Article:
SALARYSURVEY2014of our success throughout the years,” adds Linhart, whonotes her agency has been growing its revenues by about10% per year. “Many of our senior people have comefrom other markets, worked at big multinational agencies,and bring to us best practices they have picked up.”A new lifeA significant segment of respondents would considerrelocating. Twenty-eight percent reported being morewilling to do so for a job opportunity than they were lastyear. And if salary concerns are an obstacle, survey resultsrevealed a shrinking disparity in median pay betweenthe most highly populated geographic sectionsof the US, with only a $10,500 difference between thelowest such region (the Southeast at $94,000) and thehighest (the Northwest at $104,500).“People have gone outside localmarkets to recruit talent and that isreflected in the stabilization of salaries,”says Bloom. “We see salariesof similar posts being in the sameballpark in Michigan versus, say,Washington, DC, which has one ofthe highest costs of living.”Benefits that help address worklifebalance have also risen in stature:83% said personal days are importantto them, while 70% said thesame of flex time, a five-point increasefrom the 2013 survey.All hiring decision-makers interviewedby PRWeek recognize how“I’M VERY IN TUNE WITH MAKINGSURE THERE IS NO GENDERDIFFERENCE BETWEEN SALARIES“– D’Arcy Rudnay, Comcastimportant work-life balance is to the compensationpackage. Currently, Ogilvy Public Relations approvesflexible and remote work arrangements on a case-by-casebasis. But Doryse Franco, HR director for Ogilvy’s NewYork office, says it has become such an important factorthat “we are looking toward making it a more formalperk within our benefits package.”“Work-life balance has been a buzzword for about adecade,” she adds. “It used to be about junior folks comingin and wanting to be able to work from other locationsor the Starbucks and managers having to deal withthat generational difference. Now we’re seeing the requestfor work-life balance, flexibility, and remote workfrom all levels, which is a real shift.”“As leadership has moved away from face-time cultureand recognized that people can be productive anywhere,companies have loosened the reins,” adds Franco.Further developmentAgencies and corporations alike are investing heavilyin employee-training and career-development programs,which our survey found is important to 72% ofPR pros. That number takes on more resonance as only45% of respondents say their employers provide adequatetraining for them to do their jobs.“We are coming out of this hold-on-tight-to-yourbudgetsperiod and one of the first things that wentwhen budgets were cut was the training,” says PMK-BNC’s Waits. “People feel more comfortable aboutmoving now, so when it comes to their current roles, theymust understand not only what that job entails now, butalso what it will look like in the next 12 to 18 months.”“As such,” she continues, “a lot of people are asking,‘What is the trajectory for this role?’ Training has ahuge role in answering that question.”Shift Communications has hired a person for its HRteam whose primary focus is training and development.Ciappenelli says training opportunities will be focusedon three buckets: core skills, customized professional development,and informal training.PAY BY POSITION Median PR salary by title* (000s)250200150$145$180.5$200$170.5$135 $14010050$102$70$92.5$78$65$50$57$44.6 $39.3 $44.30Chairman/ MD/ EVP SVP VP Senior Director Account Senior Manager Strategist Comms Senior Account Assistant CoordinatorPresident/ partner director of PR/ supervisor manager specialist account executive accountCEO of PR/ comms executive executivecomms*Respondents salary midpoint for comparable title across industries and regions34/prweekus.com/March 2014


MEDIAN SALARY BY INDUSTRY SECTOR140120100$120,000 $123,500 $100,000$103,500$110,000 $117,500 $105,00080$92,50060$77,500 $80,250 $115,000$75,000$79,00040$56,500200Arts/ Financial Food Government/ Education Law/ Retail Sports Telecoms Travel and Trade Healthcare/ Tech/ Industrial/Entertainment/ services and Public Legal tourism/ association Pharma Internet ManufacturingMedia beverage services LeisureADDITIONAL BENEFITSWhich of thefollowing benefitsare included inyour compensationpackage?Medical plan...................................... 86%401K....................................................83%Dental plan.........................................79%Personal days.................................... 68%Performance-related bonus............. 48%Paid maternity/paternity leave.........47%Training, development programs.... 44%Tuition reimbursement...................... 35%Flex time..............................................31%Summer Fridays.................................29%Profit sharing.....................................20%Health-club membership....................17%Share options..................................... 16%Guaranteed bonus............................... 6%Company car........................................ 4%Childcare................................................3%None of the above................................3%Shift, for instance, offers training that helps staff transitionfrom an account executive role to a managerial one– particularly noteworthy given the Boston office sawthe biggest demand for talent at the mid-managementlevel. And in terms of informal training, Ciappenellisays a variety of subjects will be addressed. Most recently,Shift had a lunch-and-learn session around financialplanning and management for younger staff.D’Arcy Rudnay, SVP and CCO at Comcast, also hasa keen appreciation of the importance of training. Sheoversees a 30-person team of external and internal communicationsstaffers. Rudnay says salaries have risen inpart because communication jobs have become so complex,which is why training has become such an importantbenefits component.“Training has become critical to our work because ithas broadened in scope so much,” she explains. “Professionalswant to make sure they have those skills so theycan command a higher salary.”Gender inequalityFor all the advancements being made on other fronts,the wide gap between male and female salaries thatwas highlighted in this survey’s previous two versionsremains. Among those with five years’ experience orless, median salary is very comparable, with men earning$50,500 and women $48,000.However, among those with five-plus years’ experience,men’s base compensation outpaces that of women,$130,000 to $95,000. Overall, the survey reveals thatthe median salary for men in the industry is $125,000,compared to $84,000 for women.Fortunately, some hiring chiefs who are frustrated bythe gap are actively doing their part to close it.72%of respondentssaid training andcareer-developmentprograms are animportant factorin compensationAnnual updateYearsindicated oncharts correspondwith publish date,so the informationreflects the prioryear (for examplethe charts on thesepages, 2014figures indicate2013 data)March 2014/prweekus.com/35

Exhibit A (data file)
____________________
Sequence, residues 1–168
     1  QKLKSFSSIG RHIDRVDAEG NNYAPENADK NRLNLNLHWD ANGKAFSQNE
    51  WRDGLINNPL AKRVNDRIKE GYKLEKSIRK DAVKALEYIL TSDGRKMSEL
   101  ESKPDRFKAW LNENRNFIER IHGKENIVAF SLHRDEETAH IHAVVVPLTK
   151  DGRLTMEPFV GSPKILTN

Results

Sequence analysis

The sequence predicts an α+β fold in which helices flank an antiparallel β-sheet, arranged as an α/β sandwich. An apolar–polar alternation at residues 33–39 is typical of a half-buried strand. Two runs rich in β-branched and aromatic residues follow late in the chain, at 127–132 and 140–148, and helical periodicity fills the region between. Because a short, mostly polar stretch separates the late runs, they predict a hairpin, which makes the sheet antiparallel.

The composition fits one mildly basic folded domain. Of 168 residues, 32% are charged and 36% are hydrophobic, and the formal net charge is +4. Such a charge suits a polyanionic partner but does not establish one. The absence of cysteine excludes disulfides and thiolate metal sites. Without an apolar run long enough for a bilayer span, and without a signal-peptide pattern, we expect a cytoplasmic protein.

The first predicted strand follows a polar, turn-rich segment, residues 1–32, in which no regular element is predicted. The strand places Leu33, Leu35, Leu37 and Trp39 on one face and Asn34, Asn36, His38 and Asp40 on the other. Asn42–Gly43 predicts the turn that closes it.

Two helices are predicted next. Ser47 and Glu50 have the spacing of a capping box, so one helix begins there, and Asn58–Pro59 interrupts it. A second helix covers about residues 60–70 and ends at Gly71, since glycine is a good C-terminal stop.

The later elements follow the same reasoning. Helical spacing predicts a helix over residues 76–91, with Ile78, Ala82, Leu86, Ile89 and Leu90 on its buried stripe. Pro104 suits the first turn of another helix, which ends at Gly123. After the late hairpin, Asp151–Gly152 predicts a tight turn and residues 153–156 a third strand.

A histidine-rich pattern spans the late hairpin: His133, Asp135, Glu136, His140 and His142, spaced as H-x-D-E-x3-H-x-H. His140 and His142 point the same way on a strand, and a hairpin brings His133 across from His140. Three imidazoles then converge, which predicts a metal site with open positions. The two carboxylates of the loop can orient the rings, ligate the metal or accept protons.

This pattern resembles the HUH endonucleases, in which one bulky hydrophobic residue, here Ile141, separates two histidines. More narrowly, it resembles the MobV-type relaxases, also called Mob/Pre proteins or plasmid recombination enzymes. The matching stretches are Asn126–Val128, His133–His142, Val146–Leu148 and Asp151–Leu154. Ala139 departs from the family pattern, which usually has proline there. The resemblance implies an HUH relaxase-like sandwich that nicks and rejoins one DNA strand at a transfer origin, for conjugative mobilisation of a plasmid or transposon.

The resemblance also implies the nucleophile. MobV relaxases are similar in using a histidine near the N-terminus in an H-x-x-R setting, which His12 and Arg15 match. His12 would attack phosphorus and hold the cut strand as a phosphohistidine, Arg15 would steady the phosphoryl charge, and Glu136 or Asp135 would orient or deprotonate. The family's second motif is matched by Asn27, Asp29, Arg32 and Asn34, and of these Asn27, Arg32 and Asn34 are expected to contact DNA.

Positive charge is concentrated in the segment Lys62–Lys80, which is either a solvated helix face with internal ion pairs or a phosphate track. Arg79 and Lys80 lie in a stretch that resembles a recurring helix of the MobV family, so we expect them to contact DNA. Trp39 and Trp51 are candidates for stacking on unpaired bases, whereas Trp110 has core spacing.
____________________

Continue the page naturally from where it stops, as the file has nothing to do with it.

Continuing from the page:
SALARYSURVEY2014Youthful perspectiveHow do tomorrow’s PR leaders view their salary prospects? What advice would they give the C-suiteto better benefit from their skills? Thoughts on these topics and more were shared with PRWeek bytwo young pros who entered the workforce in 2010 – one each on the in-house and agency side:Katie BrandtTitle: Corporate communicationsconsultantCompany: NationwideLocation: Columbus, OHShane ArmanTitle: Sr. associate, fan experience,consumer and brand marketingAgency: Burson-MarstellerLocation: ChicagoMOST SURPRISING DEVELOPMENT OF PR CAREER THUS FARThe responsibility given to me right away. Otherjobs might ease you in, but I have partnered withsenior-level leaders from day one.LEVEL OF CONFIDENCE IN LONG-TERM SALARY PROSPECTS IN PRI am very confident. Good PR is vital to any organizationand there are ample opportunities for careergrowth whether you work at a firm or in-house.MOST IMPORTANT ELEMENT OF COMPENSATION BEYOND SALARYTraining and development programs. The world ofcommunications moves at an ever-increasing pace.We must keep up with trends and best practices.Take advantage of junior staffers’ different perspectives.Spend time talking to them about new ideas.ONE PIECE OF ADVICE FOR THE C-SUITEBeing able to so deeply apply my passion for sportsinto a PR career. I have always been a fan, but now Ihelp shape what all fans interact with.Based on what I’ve seen thus far, I am confidentabout my prospects, but salary is just one factor ofmany that will impact my future career decisions.The chance to work in the most high-profilesports environments and brush shoulders with topathletes. It is the best training I could ask for.Facilitate an environment where employees’ passionpoints align with the type of work they do.28%of respondentsreported beingmore willing torelocate for ajob opportunitythan last year“When I hire a senior director, whether a man orwoman, I make sure their salaries are comparable,” assertsRudnay. “I’m very in tune with making sure there is nogender difference between salaries.”She explains the discrepancy might have to do with afailure by organizations to readjust the salaries of longtimeemployees, many of whom may be women, to thecompensation levels of incoming talent.“It is a function of corporate America, unfortunately,”says Rudnay. “It is incumbent on the manager to go backand do the salary adjustment. It’s the right thing to do.”Ketchum’s Rafferty concurs, but believes “it will onlystart to balance out once we get more women in seniorposts.” As a member of Omnicom’s Leading Women’sNetwork, she has committed to encouraging women tostrive for leadership roles.“Men continue to push harder and negotiate morethan women, so I encourage women to get coaching, tonegotiate, and be more proactive,” Rafferty adds. “I amalso seeing a higher percentage of men going into digitaland social media, so I am speaking at universities andurging women to get into that side as well.”Listening to staffWhen respondents were asked to rate the PR industryin terms of how well it compensates employees, 35%described it as fair, 7% as poor – a reflection that a largesegment of the workforce feels they merit better pay,but also that their jobs have become more challenging.Fifty-five percent of respondents agreed to being undermore pressure to perform at work than 12 months ago.To a person, every hiring decision-maker who spoketo PRWeek emphasizes the importance of gauging employeesentiment and acting accordingly to keep theirown staffers satisfied when pondering various decisionsrelated to compensation. That strategy and approachcould prove to be an extremely smart and effective philosophyas the industry looks to the rest of the year andbeyond, explains Bloom.“If the economy takes a nice jump in 2014, it mightcatch a lot of people off guard who haven’t done theright planning and aren’t ready for the talent war thatcomes as a result,” she says. “Companies must pay attention.Those that do will be in the best position.” lThe PRWeek/Bloom, Gross & Associates 2014 Salary Surveywas conducted by Bovitz Inc. Email notification was sentto 50,581 PR professionals and a survey link was postedto PRWeek’s website and various social media channels. Atotal of 1,138 PR professionals completed the online surveybetween November 14 and December 12, 2013.Results are not weighted and are statistically tested atconfidence levels of 90% and 95%. This article offers asummary of findings. Additional charts and findings areavailable for purchase in the premium edition of the SalarySurvey, which will be available at prweekus.com/salarysurvey.36/prweekus.com/March 2014